Transcription of Finance News Network Interview with Minister for Finance and Deregulation, Penny Wong.
Lelde Smits: Hello I’m Lelde Smits for the Finance News Network and joining me today is the Minister for Finance and Deregulation, Penny Wong. Penny, thank you so much for joining us today.
Penny Wong: It’s great to be here.
Lelde Smits: First up to the Australian share market, how would you rate the S&P/ASX 200 index’s performance this year?
Penny Wong: Well I think the first thing we should look at is the performance of the Australian economy. Because, that is the backdrop to different forms of investment and the economy is performing very well. We’ve got an economy growing at or above trend, contained inflation, low interest rates, strong public finances, and a very large pipeline of investments, half a trillion dollars of investment in resources in this country, a big tick of confidence in the Australian economy. And, if you look overseas there is really no other economy that you would rather be in.
Lelde Smits: Back to the S&P/ASX 200, does the government have any projections as to where you believe it will trade or end this year?
Penny Wong: I’d be a brave person to predict that. What I would say is that there is no doubt that the global financial crisis hit equities worldwide and certainly in Australia. But again, you have to come back to the economic fundamentals, where the economy is at. And, there is a lot of economic strength in Australia. And, I think you also have to look at where Australia is positioned in this the Asian century. Where, our proximity to Asia, our proximity to that growing market, really positions us very well for the years ahead.
Lelde Smits: In China, investors also seem to be concerned about a prolonged slowdown in the region, leading to the question, is the government concerned at all about an over-reliance on the resource sector here?
Penny Wong: Can I start first by saying I am more of an optimist on China than some people. I think that growth has moderated in China but it is still very strong growth. And, probably reflects the rebalancing of the Chinese economy that the Chinese officials have been saying they wanted. So, an economy that is driven a bit more by consumption and a bit less by investment than it has previously. So, that is a good thing in terms of the sustainability of growth.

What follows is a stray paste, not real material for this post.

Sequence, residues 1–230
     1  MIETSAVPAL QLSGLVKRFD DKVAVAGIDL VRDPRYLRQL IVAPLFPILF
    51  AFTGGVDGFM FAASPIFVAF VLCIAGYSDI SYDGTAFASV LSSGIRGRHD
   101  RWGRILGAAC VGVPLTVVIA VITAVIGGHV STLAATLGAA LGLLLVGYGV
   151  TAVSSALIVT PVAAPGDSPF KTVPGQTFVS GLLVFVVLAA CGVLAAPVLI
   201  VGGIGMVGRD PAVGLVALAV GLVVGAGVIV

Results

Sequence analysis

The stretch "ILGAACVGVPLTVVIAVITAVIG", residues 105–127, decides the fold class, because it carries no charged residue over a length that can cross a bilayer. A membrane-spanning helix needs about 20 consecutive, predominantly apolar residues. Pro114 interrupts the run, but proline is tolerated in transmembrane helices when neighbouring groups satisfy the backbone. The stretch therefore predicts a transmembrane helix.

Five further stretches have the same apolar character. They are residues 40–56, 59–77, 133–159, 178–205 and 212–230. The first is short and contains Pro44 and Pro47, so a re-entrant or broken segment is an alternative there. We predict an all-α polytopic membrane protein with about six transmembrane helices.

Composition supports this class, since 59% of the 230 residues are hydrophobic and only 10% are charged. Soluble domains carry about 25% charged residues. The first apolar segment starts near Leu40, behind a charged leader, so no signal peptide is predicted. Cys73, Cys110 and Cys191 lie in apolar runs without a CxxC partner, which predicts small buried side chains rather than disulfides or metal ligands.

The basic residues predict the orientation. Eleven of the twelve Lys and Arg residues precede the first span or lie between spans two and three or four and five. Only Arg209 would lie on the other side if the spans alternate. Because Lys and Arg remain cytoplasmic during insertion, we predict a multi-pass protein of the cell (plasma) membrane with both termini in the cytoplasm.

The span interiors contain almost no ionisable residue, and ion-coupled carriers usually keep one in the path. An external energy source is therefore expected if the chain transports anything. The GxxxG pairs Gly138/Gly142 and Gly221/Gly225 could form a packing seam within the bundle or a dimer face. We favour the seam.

But, I think it is important to recognise what China, what South Korea, what Vietnam, what Indonesia, what Malaysia, what they represent to Australia, is not just economies that seek our resources. They are also economies where we will see more and more people enter the middle class. More and more people wanting the goods and services that Australians want. And, that represents an enormous market opportunity for us.
The numbers are interesting. There is about 500 million people in the Asia Pacific region that you would say are middle class. That number will climb to about 1.2 billion by 2020. So, the challenge for Australia and for Australian firms is to tap into those markets. And, to say, what are the services, the goods that we want to sell to that very large and growing section of the Asian Pacific community who will increasingly have more disposable income.
Lelde Smits: Which do you believe are the sectors in these growing regions that will underpin growth?
Penny Wong: Good question, and obviously companies will work that out. But, one of the sectors I talk about as a practical example is tourism. So in 2011 some 64 million Chinese went overseas. It’s a very big number isn’t it. And, our share of that market was just about 0.8 per cent. By 2020 that number will be about 100 million. So, if you think about it if we can get a larger share, even if it’s a few basis points, a few percentage points, of what is a growing market, that would be an enormous boost to one of our important export industries, which is tourism.
Lelde Smits: And is the government doing anything to attract this investment into Australia?
Penny Wong: Look, we have a very clear view that foreign investment is good for this country. And, on tourism we have established a fund which is specifically about looking at marketing in the Asian region. So, there are lots of things that are being done. But, ultimately it is about the private sector. Ultimately it is about those firms which see this opportunity and say, look, I’ve gone some services that I reckon they’ll be demand for over the next years and I’m going to market them to this market.
Lelde Smits: Finally Penny, where do you believe is the safest place for Australians to put their money?
Penny Wong: I don’t think ministers should be telling people where to invest, do you, but I think we have a very strong economy here in Australia. And, I would encourage people to look for those companies that they believe are best positioned to take advantage of the Asian markets.
Lelde Smits: Absolutely, well thank you so much for your time today.
Penny Wong: Good to speak with you.